At first, great as Sometimes was, it was hard to shake off Dallas Green's musical standing as "that dude who’s not the shouty one in Alexisonfire”, but with each release, City and Colour has graduated from existing as a more understated solo project, to thriving as a well rounded second project. Having said that, Green has brought a strong and consistent personality to each of the albums – he is an emotional rollercoaster that prefers to travel in a straight line rather than revelling in a multitude of corkscrew loops and vertical drops – and with Little Hell we are still on familiar territory in that respect.
To those who have Dallas Green pegged as the king of heartbreak for whom “love just isn’t enough” and will never write anything better than ‘Hello, I’m In Delaware’, I would strongly suggest a re-evaluation. Although the lyrics, in places, can be a little cheesy, Little Hell has a markedly matured, darker tone in terms of both content and production. Each song on the album acts as a cathartic monument representing the “little hells” that we enter and exit throughout life – approaching them as inevitable challenges enabling personal growth, rather than dwelling on them as negative experiences. Without this perspective, Green could easily have ended up with a collection of songs expressing how bummed out he is about some shit or other, but from ‘Fragile Bird’ documenting his wife’s night terrors, to ‘O’ Sister’ which deals with his sister’s struggle with mental illness, Little Hell has turned out to be his most intimate album yet, narrated with unwavering sincerity.
Drawing harder on folk, country, and blues influences (particularly present on ‘Grand Optimist’ and ‘Natural Disaster’), the one-man-and-his-guitar approach still serves as a firm foundation, but overall the songs are more eclectic – stylistically and instrumentally. Bottom-heavy production resonates throughout and provides a density that supports the often grave subject matter, but one thing that will always strike as both a focal point and an inescapable presence is the vocals. With each of his releases, Alexisonfire included, Dallas Green’s voice has been a characteristic that ties together the arrangements and adds a certain “quality” to the songs – what that quality is, is hard to put your finger on, suffice to say that he could enrapture his fans just as easily if he put out an album of Justin Bieber covers (although the actual content would be lacking somewhat).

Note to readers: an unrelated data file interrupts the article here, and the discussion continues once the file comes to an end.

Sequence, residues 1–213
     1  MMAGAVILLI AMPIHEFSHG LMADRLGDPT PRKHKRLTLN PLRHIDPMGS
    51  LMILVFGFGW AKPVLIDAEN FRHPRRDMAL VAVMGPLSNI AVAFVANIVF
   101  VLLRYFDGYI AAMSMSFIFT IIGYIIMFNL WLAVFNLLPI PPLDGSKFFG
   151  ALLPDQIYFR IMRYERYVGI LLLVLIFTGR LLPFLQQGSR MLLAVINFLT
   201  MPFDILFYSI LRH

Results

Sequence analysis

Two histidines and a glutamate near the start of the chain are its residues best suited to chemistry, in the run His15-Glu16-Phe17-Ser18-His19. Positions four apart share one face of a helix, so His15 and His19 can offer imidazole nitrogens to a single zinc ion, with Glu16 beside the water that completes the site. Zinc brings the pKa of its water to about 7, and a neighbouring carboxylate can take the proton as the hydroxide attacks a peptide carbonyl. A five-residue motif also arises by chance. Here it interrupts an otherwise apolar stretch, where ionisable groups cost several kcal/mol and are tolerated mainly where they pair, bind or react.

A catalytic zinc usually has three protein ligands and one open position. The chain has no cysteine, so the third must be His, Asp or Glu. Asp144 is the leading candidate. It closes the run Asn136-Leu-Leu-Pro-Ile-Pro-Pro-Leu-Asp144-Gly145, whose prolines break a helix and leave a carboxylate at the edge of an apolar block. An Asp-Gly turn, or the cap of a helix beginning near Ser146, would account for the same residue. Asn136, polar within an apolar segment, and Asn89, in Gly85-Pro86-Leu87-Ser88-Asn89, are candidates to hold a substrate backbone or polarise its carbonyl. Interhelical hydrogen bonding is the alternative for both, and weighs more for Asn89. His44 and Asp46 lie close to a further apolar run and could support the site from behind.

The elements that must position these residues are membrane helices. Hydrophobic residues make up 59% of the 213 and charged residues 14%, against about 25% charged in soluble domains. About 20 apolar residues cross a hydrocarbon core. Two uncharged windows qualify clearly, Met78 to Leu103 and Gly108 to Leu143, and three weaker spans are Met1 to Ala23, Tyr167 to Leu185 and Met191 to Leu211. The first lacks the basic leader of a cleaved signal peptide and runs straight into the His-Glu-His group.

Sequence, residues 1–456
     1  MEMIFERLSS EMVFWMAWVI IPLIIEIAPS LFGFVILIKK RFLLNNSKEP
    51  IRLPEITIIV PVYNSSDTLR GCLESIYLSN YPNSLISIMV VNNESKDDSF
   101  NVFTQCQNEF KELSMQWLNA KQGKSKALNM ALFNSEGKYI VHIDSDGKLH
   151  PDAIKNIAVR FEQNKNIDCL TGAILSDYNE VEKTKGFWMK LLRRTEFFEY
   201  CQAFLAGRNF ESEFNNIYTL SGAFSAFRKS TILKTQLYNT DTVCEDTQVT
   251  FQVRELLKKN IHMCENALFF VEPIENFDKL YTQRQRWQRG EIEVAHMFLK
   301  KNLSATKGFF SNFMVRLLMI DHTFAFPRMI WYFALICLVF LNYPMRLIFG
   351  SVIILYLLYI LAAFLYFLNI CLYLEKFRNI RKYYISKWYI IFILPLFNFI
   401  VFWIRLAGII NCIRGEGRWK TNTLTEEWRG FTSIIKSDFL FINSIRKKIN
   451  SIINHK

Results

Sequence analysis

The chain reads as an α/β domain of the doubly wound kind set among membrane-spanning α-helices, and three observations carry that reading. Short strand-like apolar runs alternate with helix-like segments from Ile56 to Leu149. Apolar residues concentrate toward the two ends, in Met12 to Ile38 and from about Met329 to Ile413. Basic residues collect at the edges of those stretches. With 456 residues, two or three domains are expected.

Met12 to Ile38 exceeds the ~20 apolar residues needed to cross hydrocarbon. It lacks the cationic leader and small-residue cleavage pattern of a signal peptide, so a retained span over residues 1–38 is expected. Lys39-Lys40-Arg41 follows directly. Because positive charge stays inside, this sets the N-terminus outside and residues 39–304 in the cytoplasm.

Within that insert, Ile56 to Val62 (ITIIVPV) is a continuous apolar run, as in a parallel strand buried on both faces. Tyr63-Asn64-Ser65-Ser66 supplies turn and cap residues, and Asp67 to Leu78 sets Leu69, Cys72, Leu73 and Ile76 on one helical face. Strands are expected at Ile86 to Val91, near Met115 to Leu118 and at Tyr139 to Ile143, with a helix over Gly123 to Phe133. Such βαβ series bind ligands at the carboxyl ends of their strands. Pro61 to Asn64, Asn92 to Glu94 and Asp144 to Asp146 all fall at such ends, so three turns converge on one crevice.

With gentle acoustic fingering that veers into a haunting full-band arrangement, the title track is undoubtedly one of the strongest, but one of the most touching is closer ‘Hope for Now’. With soft, pensive vocals and a minimal keyboard melody, this is one for the twilight hours; where time drips like Dali’s clocks and thought processes are warped, Green pushes your boat out into the night helplessly crooning “How could I instil such hope, but be left with none of my own?.”
Previously, Dallas Green kept his passion, heartache, fear, and vulnerability in tightly balled fists, and punched out his songs accordingly. With Little Hell, he has laid his hands on the table, unfolded them, and let everything tumble out, brutally exposed but tenderly arranged.